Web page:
As a student at SPU, some of her days consist of going to class, making time for herself, going to work and getting off late. Other days, she goes to work first, saves a few hours for herself before going to class and then going home.

When she does have free time, she loves visiting different places in the area and around the city, particularly on the hunt to find something to eat.

Serena first came to the U.S. when she was 3. Both her parents were undocumented when they first came to America. They had a child, Serena’s older brother, but then decided they did not want to stay in America and went back to Mexico.

“When you’re pregnant and you’re somebody that has already been in the U.S., your family advises you, ‘you’re gonna wanna go back. Just have your child over there,’” Serena explained.

Serena’s parents, however, were set on not coming back to the U.S., unless for tourism purposes. They had no plans to ever living in America again, so Serena was born in Mexico.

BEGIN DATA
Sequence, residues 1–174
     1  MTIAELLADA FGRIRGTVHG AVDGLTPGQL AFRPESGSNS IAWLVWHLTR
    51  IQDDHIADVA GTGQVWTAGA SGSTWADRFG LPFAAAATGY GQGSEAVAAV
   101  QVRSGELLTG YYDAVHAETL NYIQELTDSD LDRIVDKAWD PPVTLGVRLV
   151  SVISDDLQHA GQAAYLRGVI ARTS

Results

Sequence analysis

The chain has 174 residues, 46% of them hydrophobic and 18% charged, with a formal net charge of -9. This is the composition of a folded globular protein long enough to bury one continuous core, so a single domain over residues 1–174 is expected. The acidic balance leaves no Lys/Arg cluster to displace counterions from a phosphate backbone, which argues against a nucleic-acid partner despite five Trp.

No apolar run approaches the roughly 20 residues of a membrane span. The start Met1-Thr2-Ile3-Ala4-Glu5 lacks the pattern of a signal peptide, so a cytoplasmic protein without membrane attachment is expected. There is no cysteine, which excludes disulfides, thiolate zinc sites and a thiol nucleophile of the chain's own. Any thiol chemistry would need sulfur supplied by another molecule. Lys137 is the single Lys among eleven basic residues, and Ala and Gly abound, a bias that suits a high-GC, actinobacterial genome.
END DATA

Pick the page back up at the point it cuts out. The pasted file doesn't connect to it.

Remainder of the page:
Two years later, they had her younger brother. Then, when she was 3 and her younger brother was 6 months, her parents decided they needed to go back, deciding that living in Mexico was not the life they wanted to provide for their children.

“There’s not a lot of opportunity,” Serena said. “It sounds cheesy and stereotypical, but it’s true. They didn’t feel they could provide an adequate life for my brothers and I there anymore, and they decided to come over [to America].”

Serena is not sure how their family crossed — her mom does not share that detail with her — but they entered through Arizona where her aunt lived.